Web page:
“The joke is every day is a Tuesday,” said  Daisy Dowling, founder and CEO of New York-based Workparent, which consults with working parents and companies. “And there is no boundary, which is miserable. Before we wanted flexibility to blur the boundaries, and now we have to have the flexibility to set them.” 

Even though many employees are stuck in their homes without big weekend plans, you need to set boundaries around work hours and encourage working parents to take some time off. “The vacation died during this pandemic, and we’ve got to bring it back,” Dowling said.

5. Connect parents to resources.

From the very beginning, the COVID-19 pandemic has sparked a rise in mental health issues as people grapple with the repercussions of a global health crisis that left them anxious about their and their loved ones’ health, the viability of their jobs and what’s to come. Working mothers, especially, say they’re dealing with mounting mental health concerns. Employers should step up.

“A lot of companies gave these subsidies so people could set up home offices when this all started,” Durante said. “Now that we are way further along and our future is uncertain, I think the investment is on the wellbeing, so that you can continue to function.” 

That could include, Durante said, coaching and consulting with employees or offering an Employee Assistance Program, which can connect employees with mental health support. If you already have an Employee Assistance Program, which often are rarely used, promote it.

“Oftentimes, companies do have these partnerships, but they forget to keep telling their employees about it,” she said. “Make sure that if that is available, folks know that it is.” 

6. Help working parents help themselves.

“Every single organization should have a working parent Slack channel,” Dowling said. “If you don’t, that’s a loss.”

Through Slack or some other support network for parents in your workforce, employees can encourage each other, share solutions to common issues or alert colleagues to a daycare center with an open spot or the perfect local sitter.

“Your employees are going to be better about solving those problems themselves than you will in a more systematic or structured way,” she said.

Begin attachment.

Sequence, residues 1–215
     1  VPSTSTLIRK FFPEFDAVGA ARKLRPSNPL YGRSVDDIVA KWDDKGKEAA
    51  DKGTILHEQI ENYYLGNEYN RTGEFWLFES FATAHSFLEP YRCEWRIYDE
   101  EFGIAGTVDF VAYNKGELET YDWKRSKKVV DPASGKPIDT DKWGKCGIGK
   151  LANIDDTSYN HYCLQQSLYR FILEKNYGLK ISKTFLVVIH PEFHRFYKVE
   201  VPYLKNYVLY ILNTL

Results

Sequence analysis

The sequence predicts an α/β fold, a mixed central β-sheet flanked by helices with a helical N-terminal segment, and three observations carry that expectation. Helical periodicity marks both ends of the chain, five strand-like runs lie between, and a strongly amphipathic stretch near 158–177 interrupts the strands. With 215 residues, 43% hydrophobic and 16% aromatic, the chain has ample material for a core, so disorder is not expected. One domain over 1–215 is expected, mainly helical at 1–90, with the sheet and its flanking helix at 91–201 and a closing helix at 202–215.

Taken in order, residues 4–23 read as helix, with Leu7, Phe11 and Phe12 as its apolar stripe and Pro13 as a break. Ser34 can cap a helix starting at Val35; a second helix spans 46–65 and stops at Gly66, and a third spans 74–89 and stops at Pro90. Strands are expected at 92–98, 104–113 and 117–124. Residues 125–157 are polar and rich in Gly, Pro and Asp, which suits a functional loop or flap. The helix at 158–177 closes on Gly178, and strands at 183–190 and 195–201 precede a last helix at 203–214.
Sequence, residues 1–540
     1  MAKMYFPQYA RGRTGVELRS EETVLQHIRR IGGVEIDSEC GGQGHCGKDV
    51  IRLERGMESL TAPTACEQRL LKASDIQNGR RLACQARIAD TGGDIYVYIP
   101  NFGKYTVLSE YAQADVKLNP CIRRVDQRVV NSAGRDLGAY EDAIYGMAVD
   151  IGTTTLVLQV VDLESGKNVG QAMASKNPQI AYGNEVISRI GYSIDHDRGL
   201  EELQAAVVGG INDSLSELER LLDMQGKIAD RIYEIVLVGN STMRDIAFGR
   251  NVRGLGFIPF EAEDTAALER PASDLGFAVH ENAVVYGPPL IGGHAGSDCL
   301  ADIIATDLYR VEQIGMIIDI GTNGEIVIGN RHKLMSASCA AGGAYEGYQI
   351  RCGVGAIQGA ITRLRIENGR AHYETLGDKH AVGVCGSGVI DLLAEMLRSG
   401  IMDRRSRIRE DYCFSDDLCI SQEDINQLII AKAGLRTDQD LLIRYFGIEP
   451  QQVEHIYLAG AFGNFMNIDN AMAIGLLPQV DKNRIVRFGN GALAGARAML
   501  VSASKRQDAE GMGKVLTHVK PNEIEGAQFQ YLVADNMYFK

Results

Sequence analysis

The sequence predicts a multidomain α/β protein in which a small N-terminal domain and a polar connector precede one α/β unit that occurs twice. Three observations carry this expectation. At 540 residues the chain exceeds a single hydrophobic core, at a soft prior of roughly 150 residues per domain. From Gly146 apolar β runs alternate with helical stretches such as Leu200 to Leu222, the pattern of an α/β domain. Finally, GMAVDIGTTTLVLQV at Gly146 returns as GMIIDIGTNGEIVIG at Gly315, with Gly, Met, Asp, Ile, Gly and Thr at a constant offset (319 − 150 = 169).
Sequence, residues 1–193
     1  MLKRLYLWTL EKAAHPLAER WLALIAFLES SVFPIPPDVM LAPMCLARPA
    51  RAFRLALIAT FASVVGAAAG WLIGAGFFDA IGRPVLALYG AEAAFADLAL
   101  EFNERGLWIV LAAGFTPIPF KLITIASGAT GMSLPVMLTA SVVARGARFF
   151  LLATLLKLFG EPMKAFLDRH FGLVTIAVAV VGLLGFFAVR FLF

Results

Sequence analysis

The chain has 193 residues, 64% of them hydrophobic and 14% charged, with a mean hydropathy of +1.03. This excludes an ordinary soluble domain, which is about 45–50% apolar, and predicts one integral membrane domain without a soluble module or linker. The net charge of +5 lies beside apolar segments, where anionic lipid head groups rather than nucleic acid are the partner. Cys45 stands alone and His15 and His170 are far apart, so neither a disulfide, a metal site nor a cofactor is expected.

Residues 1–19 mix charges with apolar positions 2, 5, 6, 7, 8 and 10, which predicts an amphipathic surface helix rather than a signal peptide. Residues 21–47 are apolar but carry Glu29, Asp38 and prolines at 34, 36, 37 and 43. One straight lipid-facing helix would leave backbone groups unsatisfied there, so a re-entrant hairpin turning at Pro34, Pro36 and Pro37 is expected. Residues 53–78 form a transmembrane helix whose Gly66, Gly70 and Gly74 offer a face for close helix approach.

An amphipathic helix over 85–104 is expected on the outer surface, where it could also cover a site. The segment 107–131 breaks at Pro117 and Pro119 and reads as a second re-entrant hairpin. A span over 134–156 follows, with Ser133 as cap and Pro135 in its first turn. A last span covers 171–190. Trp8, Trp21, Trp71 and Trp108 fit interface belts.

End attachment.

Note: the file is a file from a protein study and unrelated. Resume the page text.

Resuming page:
7. Be cautious

Employment law experts expect a surge in workplace-related claims as the pandemic continues. Already, one lawsuit has been filed by a mother who was fired after asking for two hours off each day to help her child with school. And Florida State University raised eyebrows with a policy (which they’ve since walked back) that said employees working from home could no longer care for children at the same time.

As you set new policies or make decisions about working parents, you’ll need to be aware of the local, state and federal laws where you operate that protect your employees’ rights or that may extend new benefits to them, said Jessica N. Childress, managing attorney of The Childress Firm in Washington, D.C.

At the federal level, the Families First Coronavirus Response Act, for example, lets parents take up to 12 weeks of family and medical leave if schools or child care facilities are closed because of COVID-19 and ensures they won’t lose their jobs because they took that time off.

All new policies should be in writing, reflect the latest regulations and be based on a legitimate business necessity, said Childress, who recommends employers consult with their own legal counsel as they move forward. In a doctor’s office, doctors and nurses will probably need to come into the office. At a marketing firm, employees likely can still get the job done from home.

As we navigate the next few months or more, Dowling advises employers to take the long view. Not only is finding ways to support working parents good for employees now, but it will be critical when bringing new ones into the fold in the future. Messages of support and reassurance must come regularly from senior leadership, she said.

“Think of it as an employee branding issue,” she said. “Two years from now when somebody is interviewing for a really important position at your company and has kids and asks … ‘What was it like during the pandemic?,’ which they will ask, you want that person to be able to say, it was a blow to us as it was for everybody else, but Susan, our CEO, was really up front about acknowledging it.”

Stay up to date on everything a small business owner needs to know about the pandemic at Gusto’s Covid-19 Resource Hub.

Updated: September 4, 2020

Sarah Hall
Sarah Hall Sarah Lindenfeld Hall is a longtime journalist and freelance writer based in North Carolina. Her specialties include small business, entrepreneurship, health, and parenting topics.